Adds And Subs. Press the SPACE bar to start. Two numbers appear in the boxes in the bottom left hand corner. In this game, both numbers can be used as they are, or they can be added together (as in Addition), or either number can be split up (as in Subtraction).
How To Play
There are two boxes below the board on the right hand side. The colour of these boxes shows whose turn it is. If Player 1's name is in yellow and the boxes are yellow, it is that player's turn; if the boxes are green, it is Player 2's turn.
Select your first number, type it in, and press the RETURN key. It will now appear in the first box. If you are selecting another number, type it into the next box and press the RETURN key. These numbers are entered on the board and it is then the other player's (or the computer's) turn.
If your addition or subtraction is incorrect, the ? sign appears. Press the SPACE bar and you have one more chance to get it right. If you get it wrong again then the space bar symbol appears, after which you lose your turn.
If you try and select a number already taken by the other player, the space bar symbol appears and you lose your turn when you press SPACE. (You can however select a number that you have already taken.)
Magic Square
First, choose a number between 3 and 20. A 3 * 3 board then appears on the display with a few numbers on it.
The aim is to fill all the other squares so that the total of each column, row and diagonal is the same - or as many as you can. When the square is completed the lines you got correct will flash and "Your Score" is increased for every line you got right.
The "High Score" shows how many points you have got so far in the series of three games - the aim is to make this score exceed 100 points.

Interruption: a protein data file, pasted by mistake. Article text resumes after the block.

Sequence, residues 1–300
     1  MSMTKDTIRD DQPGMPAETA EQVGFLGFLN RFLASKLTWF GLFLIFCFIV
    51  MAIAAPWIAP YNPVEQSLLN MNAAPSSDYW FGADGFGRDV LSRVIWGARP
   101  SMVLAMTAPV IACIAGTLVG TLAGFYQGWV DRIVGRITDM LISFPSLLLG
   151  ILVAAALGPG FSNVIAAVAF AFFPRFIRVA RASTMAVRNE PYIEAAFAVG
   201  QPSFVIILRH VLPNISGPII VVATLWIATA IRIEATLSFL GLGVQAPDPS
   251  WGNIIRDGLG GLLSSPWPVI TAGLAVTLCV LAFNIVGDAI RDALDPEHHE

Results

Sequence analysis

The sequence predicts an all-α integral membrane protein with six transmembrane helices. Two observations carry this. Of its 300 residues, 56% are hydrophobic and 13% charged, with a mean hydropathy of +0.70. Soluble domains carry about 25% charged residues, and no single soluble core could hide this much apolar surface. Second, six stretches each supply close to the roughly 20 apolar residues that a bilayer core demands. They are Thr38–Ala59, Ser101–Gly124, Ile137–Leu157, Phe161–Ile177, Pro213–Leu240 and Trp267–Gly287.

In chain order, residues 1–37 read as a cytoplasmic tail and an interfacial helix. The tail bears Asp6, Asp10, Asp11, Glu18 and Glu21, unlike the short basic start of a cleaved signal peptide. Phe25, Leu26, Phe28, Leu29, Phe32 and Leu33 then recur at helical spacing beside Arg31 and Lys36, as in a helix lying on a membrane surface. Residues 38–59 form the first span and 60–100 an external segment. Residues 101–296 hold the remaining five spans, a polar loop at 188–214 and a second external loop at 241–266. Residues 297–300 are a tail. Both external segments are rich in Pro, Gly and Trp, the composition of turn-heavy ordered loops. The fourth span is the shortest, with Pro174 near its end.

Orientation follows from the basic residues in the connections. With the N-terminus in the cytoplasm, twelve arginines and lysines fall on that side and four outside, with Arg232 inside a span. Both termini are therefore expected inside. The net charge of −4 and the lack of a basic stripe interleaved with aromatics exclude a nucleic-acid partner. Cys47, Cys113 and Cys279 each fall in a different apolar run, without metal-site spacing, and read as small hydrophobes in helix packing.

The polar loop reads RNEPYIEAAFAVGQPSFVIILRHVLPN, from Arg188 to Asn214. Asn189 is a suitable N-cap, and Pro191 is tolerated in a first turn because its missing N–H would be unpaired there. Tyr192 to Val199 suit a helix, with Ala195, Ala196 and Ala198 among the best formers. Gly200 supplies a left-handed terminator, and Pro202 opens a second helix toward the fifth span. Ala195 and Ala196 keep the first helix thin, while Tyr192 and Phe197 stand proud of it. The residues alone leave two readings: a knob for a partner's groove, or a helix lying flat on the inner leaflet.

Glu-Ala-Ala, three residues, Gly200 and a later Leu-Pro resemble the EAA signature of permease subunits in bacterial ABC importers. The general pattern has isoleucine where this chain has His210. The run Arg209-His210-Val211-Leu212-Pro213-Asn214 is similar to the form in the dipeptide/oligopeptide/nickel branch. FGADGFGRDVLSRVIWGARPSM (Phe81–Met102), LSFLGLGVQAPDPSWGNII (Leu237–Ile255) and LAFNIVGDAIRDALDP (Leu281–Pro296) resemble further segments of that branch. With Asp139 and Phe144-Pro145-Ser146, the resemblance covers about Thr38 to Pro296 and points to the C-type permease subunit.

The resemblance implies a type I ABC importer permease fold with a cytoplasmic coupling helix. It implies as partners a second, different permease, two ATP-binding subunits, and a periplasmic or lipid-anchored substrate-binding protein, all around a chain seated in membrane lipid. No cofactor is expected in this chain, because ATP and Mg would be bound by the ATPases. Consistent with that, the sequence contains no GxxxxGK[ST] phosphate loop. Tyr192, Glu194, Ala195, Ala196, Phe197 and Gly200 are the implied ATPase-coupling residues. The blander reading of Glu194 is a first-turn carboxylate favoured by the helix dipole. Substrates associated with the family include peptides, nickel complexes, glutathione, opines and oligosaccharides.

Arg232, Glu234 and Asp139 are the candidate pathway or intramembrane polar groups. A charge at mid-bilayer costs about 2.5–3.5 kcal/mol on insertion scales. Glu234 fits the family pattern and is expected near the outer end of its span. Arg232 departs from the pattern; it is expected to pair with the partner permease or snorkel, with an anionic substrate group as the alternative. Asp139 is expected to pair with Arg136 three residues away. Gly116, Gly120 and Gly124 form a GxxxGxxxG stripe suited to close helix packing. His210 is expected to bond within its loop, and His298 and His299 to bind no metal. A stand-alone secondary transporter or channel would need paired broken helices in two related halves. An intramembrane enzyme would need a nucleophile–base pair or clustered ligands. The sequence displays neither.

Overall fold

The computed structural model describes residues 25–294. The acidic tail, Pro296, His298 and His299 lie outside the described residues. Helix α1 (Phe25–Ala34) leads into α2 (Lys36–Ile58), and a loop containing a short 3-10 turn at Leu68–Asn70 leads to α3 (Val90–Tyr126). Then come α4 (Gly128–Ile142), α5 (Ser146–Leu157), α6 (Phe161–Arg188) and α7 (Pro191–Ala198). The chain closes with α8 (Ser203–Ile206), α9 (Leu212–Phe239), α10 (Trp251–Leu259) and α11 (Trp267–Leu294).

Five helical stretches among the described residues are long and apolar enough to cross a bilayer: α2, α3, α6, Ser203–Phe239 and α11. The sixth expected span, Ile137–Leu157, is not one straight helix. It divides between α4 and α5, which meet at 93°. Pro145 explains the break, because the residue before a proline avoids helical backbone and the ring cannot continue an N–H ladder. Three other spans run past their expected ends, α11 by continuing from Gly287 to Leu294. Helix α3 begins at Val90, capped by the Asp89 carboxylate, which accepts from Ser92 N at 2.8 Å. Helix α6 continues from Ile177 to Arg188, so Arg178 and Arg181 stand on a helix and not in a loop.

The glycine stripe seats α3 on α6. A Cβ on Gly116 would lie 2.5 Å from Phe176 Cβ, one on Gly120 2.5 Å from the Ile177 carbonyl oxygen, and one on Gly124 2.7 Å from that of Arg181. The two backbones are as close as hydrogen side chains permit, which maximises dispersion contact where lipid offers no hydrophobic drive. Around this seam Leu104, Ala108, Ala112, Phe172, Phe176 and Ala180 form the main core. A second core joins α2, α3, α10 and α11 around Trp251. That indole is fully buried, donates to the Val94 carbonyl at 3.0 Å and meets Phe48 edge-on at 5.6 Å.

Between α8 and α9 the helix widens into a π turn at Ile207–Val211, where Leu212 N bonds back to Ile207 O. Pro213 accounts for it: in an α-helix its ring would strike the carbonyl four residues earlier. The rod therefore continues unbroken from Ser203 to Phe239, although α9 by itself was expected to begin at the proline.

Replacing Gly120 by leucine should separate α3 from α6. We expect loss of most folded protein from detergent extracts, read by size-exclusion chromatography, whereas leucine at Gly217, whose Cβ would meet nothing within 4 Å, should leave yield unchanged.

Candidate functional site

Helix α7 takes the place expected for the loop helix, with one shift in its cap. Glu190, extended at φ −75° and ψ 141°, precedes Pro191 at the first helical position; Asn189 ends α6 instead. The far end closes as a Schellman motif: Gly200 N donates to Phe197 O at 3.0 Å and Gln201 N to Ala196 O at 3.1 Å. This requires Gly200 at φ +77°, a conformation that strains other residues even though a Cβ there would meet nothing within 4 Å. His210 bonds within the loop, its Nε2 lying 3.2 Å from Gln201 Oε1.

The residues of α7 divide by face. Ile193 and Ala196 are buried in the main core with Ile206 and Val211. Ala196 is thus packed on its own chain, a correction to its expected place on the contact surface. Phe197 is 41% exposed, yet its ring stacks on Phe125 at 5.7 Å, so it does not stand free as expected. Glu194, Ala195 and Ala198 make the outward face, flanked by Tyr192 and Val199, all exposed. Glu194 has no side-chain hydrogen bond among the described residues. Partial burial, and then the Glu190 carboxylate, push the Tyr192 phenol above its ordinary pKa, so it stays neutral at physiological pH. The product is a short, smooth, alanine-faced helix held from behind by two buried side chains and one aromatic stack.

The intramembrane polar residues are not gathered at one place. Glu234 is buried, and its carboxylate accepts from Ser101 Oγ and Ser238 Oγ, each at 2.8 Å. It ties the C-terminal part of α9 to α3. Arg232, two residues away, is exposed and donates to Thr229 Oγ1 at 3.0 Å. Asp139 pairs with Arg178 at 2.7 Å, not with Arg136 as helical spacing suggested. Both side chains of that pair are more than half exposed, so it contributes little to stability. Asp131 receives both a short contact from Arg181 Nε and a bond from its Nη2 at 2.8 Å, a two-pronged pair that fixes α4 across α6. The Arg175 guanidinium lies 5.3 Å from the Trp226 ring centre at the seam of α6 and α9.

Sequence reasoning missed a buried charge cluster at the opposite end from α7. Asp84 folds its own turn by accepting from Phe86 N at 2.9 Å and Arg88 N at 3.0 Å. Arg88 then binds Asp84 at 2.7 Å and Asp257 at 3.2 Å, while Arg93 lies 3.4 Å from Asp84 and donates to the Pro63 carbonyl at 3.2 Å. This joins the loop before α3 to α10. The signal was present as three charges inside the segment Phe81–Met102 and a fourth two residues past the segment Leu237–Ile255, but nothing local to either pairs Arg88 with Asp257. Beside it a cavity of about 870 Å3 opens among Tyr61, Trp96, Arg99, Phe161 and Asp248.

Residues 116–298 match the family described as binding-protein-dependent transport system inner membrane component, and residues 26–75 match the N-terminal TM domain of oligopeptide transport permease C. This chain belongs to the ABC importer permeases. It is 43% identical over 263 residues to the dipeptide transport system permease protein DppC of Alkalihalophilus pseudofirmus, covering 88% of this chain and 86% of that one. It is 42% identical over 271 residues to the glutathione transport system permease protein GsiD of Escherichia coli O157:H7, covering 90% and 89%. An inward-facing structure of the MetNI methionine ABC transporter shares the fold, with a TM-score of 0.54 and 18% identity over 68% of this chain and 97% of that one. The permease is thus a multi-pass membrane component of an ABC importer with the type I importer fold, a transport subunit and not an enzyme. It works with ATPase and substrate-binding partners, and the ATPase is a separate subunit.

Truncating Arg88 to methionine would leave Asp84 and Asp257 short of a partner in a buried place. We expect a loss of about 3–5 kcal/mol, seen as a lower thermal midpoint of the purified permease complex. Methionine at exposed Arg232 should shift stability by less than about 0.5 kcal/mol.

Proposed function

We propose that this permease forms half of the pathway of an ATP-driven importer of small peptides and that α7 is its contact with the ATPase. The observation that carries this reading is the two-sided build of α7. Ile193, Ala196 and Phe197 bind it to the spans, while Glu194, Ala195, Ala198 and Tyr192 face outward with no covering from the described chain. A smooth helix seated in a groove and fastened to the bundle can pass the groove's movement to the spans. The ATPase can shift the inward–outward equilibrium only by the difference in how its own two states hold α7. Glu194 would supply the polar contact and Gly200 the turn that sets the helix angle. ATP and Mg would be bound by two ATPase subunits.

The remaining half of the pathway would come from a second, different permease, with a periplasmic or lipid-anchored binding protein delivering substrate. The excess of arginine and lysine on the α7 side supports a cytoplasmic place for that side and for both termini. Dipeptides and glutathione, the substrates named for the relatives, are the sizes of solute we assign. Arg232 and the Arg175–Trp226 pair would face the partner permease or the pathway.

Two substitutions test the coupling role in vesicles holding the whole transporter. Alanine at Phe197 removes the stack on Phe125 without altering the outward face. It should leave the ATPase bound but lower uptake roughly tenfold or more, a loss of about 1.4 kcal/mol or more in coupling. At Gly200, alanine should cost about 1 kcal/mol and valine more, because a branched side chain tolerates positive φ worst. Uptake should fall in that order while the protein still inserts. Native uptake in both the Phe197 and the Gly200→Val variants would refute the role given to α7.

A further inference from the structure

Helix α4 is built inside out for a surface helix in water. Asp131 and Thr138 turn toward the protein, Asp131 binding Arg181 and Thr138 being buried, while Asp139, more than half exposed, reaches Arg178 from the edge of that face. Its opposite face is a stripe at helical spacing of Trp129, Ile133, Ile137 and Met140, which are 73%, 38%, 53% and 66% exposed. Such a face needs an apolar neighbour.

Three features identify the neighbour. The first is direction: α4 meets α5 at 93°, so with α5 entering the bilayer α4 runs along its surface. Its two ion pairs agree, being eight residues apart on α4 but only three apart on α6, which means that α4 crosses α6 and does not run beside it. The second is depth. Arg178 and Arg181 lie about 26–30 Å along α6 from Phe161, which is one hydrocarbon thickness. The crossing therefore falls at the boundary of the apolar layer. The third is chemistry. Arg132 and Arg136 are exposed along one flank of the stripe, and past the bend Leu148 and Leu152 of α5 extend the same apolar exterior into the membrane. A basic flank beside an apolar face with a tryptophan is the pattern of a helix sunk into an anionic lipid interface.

At any time you can press the S key and the computer will show you a solution (but you won't get any points for it!)
How To Play
Use the space bar to move the flashing cursor to the box you want to fill. Type in the number and press the RETURN key. Continue to do this until all the boxes are complete.
When you have finished, your score is shown on the screen. Press SPACE to return to the main menu.
Self Test
Type in the answers to the various questions you are asked and then, when you are ready to start, press SPACE.
Educational Notes
With Number Puzzler, children have to form a winning strategy and pursue this strategy using skills in addition and subtraction.
Because of the two - and very distinct - levels at which the first three games in Number Puzzler can be played, we have found the program to be of use with both infants and juniors. We have found it ideal to have two people working on Number Puzzler at any one time. They could be two children, or a parent and child. In the early stages they give each other confidence in using the program. Later the pairing can lead to conversation about addition and subtraction, and general strategy, and thus mathematical vocabulary gets exercised in a natural way.
The fourth game in Number Puzzler - Magic Square - involves decomposing a given number into three parts under varying constraints. All children will be able to experience some success with this game, but even the most able will be taxed by this program if large "magic numbers" are used.
Self test is included to allow children working on their own with the program to get some feedback about their addition and subtraction skills. Generally, schools have available more subtle and reliable tests than this. However, like all of the options, it is available for teachers to use within their own teaching styles.